Nashville’s coolest and fastest rising star, David Abundance, speaks on individuality

Nashville’s coolest and fastest rising star, David Abundance, speaks on individuality

Living in Nashville, Tennessee for the past two years I have been introduced to countless bands and musicians and if I am being brutally honest, most of them sound the same or are trying hard to sound like someone else. If I had a dollar for all the Luke Bryan or Taylor Swift clones in this city I could probably afford to get Liam and Noel Gallagher to set aside their differences and get Oasis back together. It’s not a knock on anyone in particular but I am always trying to find artists who pride themselves on going against the grain. One of the main beacons of hope for the music city comes to us in the form of David Abundance

David is one of those rare individuals who quite literally stands out in a crowd. In addition to being well over 6 feet tall, his incomparable fashion sense sets him apart from almost everyone else in the city. Typically wearing bright floral print suits and matching cowboy hats, he is almost impossible to miss in any crowded setting. All fashion sense aside he is an extremely talented artist who is gearing up to take the world by storm. His latest single “Woo Wagon” has become the official party bus song of downtown Nashville and it seems like only a matter of time before things break loose for him. David recently took some time to chat with us about all the things that make him one of the coolest and most unique individuals in the state of Tennessee! 

Could you tell us a little bit about your musical journey? Have you always been making music and performing? 

  • David: I was fortunate to grow up with parents that listened to a lot of great artists. My mom named me after David Bowie, and played plenty of Prince in the car. Dad showed me the raw talent and expanded consciousness of Jimi Hendrix, and I sat right in front of the tv rewatching his (now my) Led Zeppelin concert footage box set until I couldn’t keep my eyes open. I sang in the choir in school, briefly played drums and guitar early on, and wrote half-finished songs, but I didn’t get going, in my mind, until I started singing in a cover band, the Half-Ass Ass-Hats (or whatever we wanted to be named that week). It was my first step into playing shows, and we covered artists from Sublime to Guns ‘n’ Roses. When COVID hit, I nabbed the freedom to move wherever I wanted, and I moved to Nashville to get closer to my dream of making music, and making something of myself. Then, one fateful day, I went to a Broadway bar and club with some friends; the singers on stage offered to bring me up out of the crowd to sing a song, since my purple crushed velvet bell-bottoms and gold blazer made me look the part. Truthfully, they didn’t know if I’d sound the part, and just the same, neither did I. But a few minutes later the crowd was cheering, not jeering, and I felt something beginning. Through other strokes of luck or fate I started singing up and down Broadway at other bars and clubs, and with that confidence, I started writing and composing my own songs.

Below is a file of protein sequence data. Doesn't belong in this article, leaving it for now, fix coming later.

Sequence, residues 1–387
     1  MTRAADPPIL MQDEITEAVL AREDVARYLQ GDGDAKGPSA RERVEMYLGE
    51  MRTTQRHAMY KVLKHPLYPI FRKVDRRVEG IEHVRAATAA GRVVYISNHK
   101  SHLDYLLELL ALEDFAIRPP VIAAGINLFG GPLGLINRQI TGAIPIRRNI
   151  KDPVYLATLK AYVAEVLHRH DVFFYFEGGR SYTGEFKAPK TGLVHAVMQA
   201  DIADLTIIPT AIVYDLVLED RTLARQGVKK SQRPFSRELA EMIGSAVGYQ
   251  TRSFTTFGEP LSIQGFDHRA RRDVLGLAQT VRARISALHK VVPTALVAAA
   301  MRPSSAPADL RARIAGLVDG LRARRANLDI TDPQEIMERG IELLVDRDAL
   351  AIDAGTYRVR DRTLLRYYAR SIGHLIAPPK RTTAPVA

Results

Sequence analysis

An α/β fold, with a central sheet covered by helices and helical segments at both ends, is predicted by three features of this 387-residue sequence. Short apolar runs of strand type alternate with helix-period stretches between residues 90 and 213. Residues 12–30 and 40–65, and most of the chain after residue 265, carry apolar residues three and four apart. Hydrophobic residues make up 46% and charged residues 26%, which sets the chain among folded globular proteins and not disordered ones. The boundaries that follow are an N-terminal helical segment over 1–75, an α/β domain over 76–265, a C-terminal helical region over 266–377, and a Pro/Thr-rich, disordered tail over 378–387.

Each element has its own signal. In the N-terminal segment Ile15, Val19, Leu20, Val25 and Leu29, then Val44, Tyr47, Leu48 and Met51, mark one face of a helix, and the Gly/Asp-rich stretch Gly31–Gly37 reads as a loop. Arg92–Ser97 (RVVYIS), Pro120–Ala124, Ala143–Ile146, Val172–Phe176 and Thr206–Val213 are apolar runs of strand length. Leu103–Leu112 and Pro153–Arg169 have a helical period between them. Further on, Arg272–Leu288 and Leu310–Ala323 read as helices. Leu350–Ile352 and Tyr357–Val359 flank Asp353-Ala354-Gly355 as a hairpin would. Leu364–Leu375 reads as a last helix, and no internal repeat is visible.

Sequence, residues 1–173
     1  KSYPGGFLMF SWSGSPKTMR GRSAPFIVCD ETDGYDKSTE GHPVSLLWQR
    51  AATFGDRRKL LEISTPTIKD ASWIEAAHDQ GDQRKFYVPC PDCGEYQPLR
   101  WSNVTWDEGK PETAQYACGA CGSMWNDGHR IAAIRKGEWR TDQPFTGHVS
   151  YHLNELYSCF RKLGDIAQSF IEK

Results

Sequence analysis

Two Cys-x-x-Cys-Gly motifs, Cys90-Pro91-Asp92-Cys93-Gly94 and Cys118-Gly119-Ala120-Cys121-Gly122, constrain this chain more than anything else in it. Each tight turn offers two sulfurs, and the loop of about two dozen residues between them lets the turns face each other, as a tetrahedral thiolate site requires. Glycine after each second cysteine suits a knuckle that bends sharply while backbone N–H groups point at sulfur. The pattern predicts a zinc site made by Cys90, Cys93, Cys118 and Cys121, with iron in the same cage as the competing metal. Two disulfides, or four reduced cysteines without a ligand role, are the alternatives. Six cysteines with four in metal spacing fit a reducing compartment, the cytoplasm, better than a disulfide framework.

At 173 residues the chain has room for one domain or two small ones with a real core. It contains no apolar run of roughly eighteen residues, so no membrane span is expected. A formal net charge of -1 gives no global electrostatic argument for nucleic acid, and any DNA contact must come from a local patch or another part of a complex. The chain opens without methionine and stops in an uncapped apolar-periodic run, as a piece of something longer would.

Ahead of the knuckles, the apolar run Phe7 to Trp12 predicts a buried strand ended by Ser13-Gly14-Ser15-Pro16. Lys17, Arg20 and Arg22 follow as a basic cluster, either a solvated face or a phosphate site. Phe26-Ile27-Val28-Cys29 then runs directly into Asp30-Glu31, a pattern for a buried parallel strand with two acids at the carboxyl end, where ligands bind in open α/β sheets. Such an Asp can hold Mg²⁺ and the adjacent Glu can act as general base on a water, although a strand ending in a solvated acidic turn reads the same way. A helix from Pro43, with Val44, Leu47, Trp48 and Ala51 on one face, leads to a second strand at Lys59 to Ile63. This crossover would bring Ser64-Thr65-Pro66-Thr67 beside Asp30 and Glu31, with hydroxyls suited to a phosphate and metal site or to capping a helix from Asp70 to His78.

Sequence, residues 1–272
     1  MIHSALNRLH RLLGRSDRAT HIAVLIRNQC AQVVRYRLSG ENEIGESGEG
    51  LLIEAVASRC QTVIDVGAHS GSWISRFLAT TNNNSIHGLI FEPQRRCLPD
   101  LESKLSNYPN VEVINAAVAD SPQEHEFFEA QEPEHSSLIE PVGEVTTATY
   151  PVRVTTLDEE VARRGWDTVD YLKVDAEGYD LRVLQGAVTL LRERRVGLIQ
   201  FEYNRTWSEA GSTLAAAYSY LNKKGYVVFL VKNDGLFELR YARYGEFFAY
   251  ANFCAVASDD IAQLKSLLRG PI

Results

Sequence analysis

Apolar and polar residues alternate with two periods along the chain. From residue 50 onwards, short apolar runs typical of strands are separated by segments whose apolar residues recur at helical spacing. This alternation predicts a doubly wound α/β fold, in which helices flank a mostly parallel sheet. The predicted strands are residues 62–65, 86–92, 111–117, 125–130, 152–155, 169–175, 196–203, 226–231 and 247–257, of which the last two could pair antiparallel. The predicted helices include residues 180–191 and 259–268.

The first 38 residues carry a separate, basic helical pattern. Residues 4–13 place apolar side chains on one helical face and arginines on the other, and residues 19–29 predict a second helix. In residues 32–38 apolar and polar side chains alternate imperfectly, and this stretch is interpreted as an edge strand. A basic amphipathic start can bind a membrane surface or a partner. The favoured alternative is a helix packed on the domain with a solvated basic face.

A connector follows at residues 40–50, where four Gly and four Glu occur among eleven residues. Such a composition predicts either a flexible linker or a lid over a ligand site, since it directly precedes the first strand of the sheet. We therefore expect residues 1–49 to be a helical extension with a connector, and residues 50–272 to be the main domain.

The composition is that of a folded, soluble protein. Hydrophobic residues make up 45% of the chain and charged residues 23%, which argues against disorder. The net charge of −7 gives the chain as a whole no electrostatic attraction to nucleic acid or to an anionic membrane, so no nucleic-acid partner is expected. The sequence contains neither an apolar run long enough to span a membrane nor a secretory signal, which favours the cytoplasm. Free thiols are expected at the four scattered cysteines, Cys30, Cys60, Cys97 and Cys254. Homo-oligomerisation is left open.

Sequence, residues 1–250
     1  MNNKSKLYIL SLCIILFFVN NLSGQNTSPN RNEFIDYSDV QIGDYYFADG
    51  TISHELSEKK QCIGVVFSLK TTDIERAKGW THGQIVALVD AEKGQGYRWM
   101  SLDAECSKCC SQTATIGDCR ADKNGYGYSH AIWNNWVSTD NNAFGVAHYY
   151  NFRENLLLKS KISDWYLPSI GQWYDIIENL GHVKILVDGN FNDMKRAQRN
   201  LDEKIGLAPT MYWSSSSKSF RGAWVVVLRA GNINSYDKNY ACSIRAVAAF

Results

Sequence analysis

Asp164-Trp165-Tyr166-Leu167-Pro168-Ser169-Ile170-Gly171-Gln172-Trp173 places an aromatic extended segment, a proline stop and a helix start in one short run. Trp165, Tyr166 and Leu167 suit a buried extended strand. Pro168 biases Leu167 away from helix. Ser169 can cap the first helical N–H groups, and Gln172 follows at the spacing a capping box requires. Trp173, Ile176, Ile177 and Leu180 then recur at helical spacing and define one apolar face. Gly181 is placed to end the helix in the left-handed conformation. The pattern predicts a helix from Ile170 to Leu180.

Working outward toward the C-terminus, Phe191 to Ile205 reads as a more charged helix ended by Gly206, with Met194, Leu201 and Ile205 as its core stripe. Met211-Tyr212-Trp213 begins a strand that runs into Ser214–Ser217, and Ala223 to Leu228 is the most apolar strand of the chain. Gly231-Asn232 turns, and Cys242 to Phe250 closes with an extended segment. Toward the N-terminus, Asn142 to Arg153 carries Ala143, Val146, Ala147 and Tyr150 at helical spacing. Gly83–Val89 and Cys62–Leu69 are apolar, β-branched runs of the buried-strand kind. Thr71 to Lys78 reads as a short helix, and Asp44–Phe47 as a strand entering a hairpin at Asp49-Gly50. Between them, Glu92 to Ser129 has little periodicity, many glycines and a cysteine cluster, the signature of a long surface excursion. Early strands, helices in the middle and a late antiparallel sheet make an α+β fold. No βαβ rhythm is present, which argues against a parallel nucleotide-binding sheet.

You have an awesome sense of style, who are some of your favorite designers and what motivates you to dress like you do? 

  • David: I appreciate that. If a designer is big on floral patterns, splashes of color, or sparkles and they catch my eye, I’m big on them. A big fashion motivator is my motto: ‘Always be Stage Ready.’ And I think my style is also a way of letting people around me know that I am open, that they can just let go and be themselves like I am, and that I’m probably not going to bite. If you look interesting, people may want to hear what you have to say, if you’re not completely full of it, some of those people might stay.

Who are some of your musical inspirations? 

  • David: There have been so many compelling artists before me in the last 80 years or so of music, it’d be like trying to pick what to eat off a 10-page menu. So many big personalities whose character, accomplishments, and essence make them larger than life. Completely separate from them, there’s a vast amount of songs that are moving and influential all on their own, independent of whoever created them; their lyrics, or just their music, or sometimes both, are the influence without any regard for who created them. Overall, I’d say I draw inspiration from my experiences, my inner-child, and my hopes for the future.

Your latest single “Woo Wagon” is awesome! So what exactly is a “Woo Wagon” and why did you write this song?